Rossum, a born-and-bred New Yorker, is the only child of now-divorced parents. Her mother, Cheryl, is a corporate photographer and her father, who worked in the world of finance, left Cheryl when she was pregnant. Rossum never met her father as a child.
"Mom sacrificed a lot by working a lot of different jobs to have the wherewithal to put me through school. I am definitely my mother's daughter! Mom never did anything in the conventional way. She's a pretty free thinker and an independent woman. She has traveled all over the world, sometimes hanging off helicopters, laid down on the runway as the first 747 landed, and doing all sorts of adventurous and dangerous things to take pictures. She was always up for the challenge. It seems I've inherited that."
With her mother frequently traveling, Rossum was often left to her own devices. She spent most of her very early years sitting on the couch listening to classical music and jazz piano. But, except to occasionally burst into song, she wasn't aware of the voice hiding inside. She was attending Manhattan's Upper East Side Spence School when her music teacher discovered that she had perfect intonation. She suggested Rossum audition for the Metropolitan Opera's Children's chorus. For her audition, children's chorus director, Elena Doria, asked her to sing "Happy Birthdayu-not once, not twice, but many times and in 12 different keys. She scored a perfect 10 and became a chorus member at age 7.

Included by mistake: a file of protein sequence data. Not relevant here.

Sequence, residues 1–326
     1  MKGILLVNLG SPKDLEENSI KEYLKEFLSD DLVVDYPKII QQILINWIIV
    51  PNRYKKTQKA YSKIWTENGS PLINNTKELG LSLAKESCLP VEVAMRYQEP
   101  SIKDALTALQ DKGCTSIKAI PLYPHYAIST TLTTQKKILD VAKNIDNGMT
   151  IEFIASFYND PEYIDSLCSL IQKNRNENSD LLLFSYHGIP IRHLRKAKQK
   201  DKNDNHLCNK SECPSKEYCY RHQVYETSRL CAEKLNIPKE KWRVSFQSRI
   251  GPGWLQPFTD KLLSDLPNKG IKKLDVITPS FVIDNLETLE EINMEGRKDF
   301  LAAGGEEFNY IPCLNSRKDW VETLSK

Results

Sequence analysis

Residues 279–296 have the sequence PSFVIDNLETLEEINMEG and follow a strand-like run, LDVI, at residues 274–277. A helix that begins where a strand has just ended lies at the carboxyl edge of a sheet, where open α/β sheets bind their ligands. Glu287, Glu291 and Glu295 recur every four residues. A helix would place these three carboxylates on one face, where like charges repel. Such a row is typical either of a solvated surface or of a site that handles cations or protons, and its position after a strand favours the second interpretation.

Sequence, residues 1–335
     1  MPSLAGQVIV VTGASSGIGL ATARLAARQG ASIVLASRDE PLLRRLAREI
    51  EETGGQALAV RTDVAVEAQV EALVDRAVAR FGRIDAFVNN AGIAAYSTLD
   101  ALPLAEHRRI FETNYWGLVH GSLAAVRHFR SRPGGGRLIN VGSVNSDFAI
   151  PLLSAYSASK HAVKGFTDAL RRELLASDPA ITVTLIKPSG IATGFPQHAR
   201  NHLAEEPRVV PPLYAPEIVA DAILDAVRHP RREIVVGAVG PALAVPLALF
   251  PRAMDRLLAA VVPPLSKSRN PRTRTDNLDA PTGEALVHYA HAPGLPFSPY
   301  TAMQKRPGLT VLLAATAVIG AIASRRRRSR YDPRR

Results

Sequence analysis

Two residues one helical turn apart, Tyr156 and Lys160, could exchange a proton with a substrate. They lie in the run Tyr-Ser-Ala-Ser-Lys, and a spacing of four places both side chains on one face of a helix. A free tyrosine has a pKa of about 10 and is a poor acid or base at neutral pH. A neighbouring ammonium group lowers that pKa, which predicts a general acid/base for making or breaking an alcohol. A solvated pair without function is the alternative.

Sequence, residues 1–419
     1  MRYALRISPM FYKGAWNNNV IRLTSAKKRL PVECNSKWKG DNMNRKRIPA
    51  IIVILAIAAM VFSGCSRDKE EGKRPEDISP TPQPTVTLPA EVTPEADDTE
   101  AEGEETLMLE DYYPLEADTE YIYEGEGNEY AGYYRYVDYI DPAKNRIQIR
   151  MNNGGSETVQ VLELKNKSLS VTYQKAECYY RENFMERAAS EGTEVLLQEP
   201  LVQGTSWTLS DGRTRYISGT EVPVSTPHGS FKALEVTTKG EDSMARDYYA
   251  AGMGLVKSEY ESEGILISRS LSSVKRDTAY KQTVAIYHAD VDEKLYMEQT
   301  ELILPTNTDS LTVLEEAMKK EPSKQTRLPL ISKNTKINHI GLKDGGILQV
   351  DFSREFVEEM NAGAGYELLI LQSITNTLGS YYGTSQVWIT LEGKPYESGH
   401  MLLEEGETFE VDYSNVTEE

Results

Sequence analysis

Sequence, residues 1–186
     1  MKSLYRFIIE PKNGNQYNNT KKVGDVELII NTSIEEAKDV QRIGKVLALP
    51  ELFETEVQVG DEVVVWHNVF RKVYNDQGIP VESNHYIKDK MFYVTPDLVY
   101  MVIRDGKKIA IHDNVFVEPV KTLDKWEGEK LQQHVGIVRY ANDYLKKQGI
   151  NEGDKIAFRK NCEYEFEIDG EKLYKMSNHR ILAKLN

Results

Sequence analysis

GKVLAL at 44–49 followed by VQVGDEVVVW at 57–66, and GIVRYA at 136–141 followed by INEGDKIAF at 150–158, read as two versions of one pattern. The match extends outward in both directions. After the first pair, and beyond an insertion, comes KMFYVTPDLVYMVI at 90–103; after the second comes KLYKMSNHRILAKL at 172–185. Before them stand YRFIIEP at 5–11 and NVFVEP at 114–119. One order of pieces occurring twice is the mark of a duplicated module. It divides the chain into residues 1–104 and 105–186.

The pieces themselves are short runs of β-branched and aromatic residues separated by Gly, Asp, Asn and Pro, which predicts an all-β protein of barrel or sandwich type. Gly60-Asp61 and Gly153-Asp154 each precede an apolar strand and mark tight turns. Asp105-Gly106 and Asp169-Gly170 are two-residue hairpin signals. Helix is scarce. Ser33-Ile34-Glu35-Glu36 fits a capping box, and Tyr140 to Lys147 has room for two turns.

"If I had been in a different school or had another teacher," she supposes, "it's possible I wouldn't be where I am. A lot of life is fate, then comes the hard work and being in the right place at the proverbial right time."